To the Editor:
Re “Biden Endorses Effort to Share Vaccine Secrets” (front page, May 6):
Congratulations to President Biden for supporting the suspension of patent protections for Covid-19 vaccines. This will help bolster availability to nations where supplies are urgently needed and promote an end to our worldwide crisis.
Not surprisingly, the pharmaceutical industry is angry. Sharing trade secrets could impinge upon profits. No matter that we are faced with a moral imperative to assist developing nations. The industry has already called Mr. Biden’s announcement “an unprecedented step that will undermine our global response to the pandemic and compromise safety.”
Such threats are nothing new. These and other tactics have been exposed over the years as Congress has held hearings on the exorbitant earnings of this group, described at a hearing back in 2003 as “perhaps the most profitable industry in the world.”
As justification that the very same drugs cost more in America than in Europe and Canada, companies cite their need to pay for research.
With all that wealth, let’s hope that the industry doesn’t use it to persuade Mr. Biden to change his mind.
Nancy J. Herin
To the Editor:
Re “The West Must Waive Drug Patents,” by Walden Bello (Opinion guest essay, May 4):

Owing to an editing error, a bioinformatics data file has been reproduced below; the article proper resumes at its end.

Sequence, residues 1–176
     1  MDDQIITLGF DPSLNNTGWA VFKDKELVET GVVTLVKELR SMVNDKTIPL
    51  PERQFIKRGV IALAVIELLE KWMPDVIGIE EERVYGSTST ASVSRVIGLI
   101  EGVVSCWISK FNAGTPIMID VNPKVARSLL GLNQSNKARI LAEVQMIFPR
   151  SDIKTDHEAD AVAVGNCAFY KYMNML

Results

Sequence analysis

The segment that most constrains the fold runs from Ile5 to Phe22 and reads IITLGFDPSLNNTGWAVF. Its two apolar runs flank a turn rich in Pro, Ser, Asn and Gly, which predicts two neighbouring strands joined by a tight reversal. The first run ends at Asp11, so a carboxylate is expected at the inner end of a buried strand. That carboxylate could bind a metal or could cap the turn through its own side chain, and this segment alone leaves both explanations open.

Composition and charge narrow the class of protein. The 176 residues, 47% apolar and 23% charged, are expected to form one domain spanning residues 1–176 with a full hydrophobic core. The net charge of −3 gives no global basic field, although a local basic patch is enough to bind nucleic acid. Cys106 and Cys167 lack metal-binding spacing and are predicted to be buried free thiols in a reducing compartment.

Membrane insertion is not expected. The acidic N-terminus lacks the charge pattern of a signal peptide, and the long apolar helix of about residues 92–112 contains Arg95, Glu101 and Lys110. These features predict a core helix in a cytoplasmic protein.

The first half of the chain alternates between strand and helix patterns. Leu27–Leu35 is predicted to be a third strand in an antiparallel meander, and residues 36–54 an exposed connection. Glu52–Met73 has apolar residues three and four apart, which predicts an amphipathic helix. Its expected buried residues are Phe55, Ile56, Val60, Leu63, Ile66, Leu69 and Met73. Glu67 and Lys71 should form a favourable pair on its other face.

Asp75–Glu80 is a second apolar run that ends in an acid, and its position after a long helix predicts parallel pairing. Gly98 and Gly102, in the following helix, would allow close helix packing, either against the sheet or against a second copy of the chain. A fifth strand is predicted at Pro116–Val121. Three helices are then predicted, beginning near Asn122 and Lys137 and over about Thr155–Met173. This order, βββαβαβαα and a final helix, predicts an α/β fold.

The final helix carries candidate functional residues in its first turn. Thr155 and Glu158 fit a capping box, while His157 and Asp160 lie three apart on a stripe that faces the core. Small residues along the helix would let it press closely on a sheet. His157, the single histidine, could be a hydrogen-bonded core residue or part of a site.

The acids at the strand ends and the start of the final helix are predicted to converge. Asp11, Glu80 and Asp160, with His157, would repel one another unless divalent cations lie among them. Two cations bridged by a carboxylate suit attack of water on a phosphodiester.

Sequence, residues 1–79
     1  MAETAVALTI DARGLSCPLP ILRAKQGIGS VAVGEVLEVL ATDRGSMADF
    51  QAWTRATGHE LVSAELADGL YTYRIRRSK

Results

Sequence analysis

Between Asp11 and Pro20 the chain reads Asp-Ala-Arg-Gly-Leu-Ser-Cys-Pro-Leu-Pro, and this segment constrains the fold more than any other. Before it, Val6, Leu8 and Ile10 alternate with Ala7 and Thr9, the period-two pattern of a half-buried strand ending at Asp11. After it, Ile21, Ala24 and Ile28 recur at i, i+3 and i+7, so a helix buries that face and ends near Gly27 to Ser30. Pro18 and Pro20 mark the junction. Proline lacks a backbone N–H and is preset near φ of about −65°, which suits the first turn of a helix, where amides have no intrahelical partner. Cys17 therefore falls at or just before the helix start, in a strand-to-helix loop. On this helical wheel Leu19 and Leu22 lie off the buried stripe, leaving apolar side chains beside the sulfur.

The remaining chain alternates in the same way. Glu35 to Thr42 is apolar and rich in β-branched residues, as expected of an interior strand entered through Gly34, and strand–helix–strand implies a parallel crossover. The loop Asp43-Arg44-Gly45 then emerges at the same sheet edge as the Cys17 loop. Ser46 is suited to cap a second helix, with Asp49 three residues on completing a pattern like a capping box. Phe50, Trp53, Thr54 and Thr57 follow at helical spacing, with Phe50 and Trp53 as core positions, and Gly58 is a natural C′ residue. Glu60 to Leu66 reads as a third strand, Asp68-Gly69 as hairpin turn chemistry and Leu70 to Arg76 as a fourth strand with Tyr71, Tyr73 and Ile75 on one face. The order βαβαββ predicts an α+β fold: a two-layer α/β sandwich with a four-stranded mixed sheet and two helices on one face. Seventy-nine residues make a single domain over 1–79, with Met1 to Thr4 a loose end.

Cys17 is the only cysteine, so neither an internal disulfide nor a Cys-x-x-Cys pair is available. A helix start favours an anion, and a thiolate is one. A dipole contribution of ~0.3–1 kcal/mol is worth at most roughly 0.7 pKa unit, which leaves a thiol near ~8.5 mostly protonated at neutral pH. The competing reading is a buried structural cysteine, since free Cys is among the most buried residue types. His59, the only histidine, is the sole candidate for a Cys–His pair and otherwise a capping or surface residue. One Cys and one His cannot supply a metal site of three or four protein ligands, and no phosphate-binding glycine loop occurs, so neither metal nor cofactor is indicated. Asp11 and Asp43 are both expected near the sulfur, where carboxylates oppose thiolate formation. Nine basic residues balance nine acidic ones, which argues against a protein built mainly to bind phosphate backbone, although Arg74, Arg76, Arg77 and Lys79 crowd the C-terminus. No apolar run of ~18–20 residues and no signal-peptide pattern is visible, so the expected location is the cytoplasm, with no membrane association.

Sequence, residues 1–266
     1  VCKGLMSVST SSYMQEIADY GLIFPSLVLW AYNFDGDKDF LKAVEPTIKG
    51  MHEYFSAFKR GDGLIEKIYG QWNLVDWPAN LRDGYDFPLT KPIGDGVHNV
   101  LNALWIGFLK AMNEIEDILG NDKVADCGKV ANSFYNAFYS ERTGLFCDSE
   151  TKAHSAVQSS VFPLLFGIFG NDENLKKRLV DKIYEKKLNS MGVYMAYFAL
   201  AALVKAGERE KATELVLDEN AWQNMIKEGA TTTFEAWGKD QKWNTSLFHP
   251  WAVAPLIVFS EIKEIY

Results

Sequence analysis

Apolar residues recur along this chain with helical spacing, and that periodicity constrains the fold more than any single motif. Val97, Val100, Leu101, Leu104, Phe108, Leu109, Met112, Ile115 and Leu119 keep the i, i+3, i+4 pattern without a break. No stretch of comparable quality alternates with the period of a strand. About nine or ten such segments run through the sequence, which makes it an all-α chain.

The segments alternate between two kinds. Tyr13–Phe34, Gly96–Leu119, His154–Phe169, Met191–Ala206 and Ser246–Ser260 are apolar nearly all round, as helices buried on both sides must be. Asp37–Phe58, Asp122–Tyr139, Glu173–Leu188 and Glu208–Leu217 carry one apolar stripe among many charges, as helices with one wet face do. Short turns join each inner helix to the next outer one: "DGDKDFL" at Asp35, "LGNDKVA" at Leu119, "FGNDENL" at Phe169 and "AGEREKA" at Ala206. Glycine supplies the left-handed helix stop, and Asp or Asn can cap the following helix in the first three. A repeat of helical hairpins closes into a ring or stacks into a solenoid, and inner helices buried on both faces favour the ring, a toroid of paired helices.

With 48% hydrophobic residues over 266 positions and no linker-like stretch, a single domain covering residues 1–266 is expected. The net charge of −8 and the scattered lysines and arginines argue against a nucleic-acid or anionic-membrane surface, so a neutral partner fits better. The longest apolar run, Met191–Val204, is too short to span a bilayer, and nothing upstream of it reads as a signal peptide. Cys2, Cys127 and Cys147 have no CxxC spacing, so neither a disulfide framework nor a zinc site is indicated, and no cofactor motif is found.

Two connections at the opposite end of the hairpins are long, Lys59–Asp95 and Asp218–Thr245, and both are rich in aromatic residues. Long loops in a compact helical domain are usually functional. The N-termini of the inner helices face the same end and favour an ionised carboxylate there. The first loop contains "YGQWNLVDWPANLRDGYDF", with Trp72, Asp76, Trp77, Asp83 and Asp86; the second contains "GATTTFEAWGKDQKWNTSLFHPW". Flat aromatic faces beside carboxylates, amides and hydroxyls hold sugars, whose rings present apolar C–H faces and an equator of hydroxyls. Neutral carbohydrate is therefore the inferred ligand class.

Waiving vaccine patents will not result in swifter availability in less developed nations. Developing countries obviously need Covid-19 diagnostics, therapeutics and vaccines as quickly as possible. But removing intellectual property protections could in fact slow that down.
In the past, when developing countries have issued “compulsory licenses” — which effectively allow domestic manufacturers to create knockoff treatments even before drug patents expire — it has taken years for generic manufacturers to receive the drug formulas and scale up production. Such extreme measures simply aren’t necessary.
The companies that created lifesaving Covid-19 vaccines and therapies have already promised to share them widely in the developing world. Waiving patents wouldn’t speed the rollout of existing vaccines, but it would ensure we’re less prepared to fight the next pandemic, setting a terrible precedent that will chill future medical innovation.
Peter J. Pitts
The writer, a former Food and Drug Administration associate commissioner, is president of the Center for Medicine in the Public Interest, which receives partial funding from pharmaceutical companies.
To the Editor:
President Biden has a moral imperative to act not only to help resource-limited countries but also to continue protecting the health of his fellow citizens. High transmission rates around the world are breeding grounds for new variants at risk of escaping the hard-earned immunity acquired through vaccination. No matter where these variants will appear they will always find their way to the United States.
It is time that the U.S. and Europe stop being condescending toward other nations. India, Brazil and South Africa, to name a few, have highly skilled scientists and other people able to ramp up complex manufacturing if given the right protocols and tools.
We are all interconnected, and giving access to a lifesaving vaccine during a deadly pandemic is imperative for all of us.
The writer is a scientist and physician.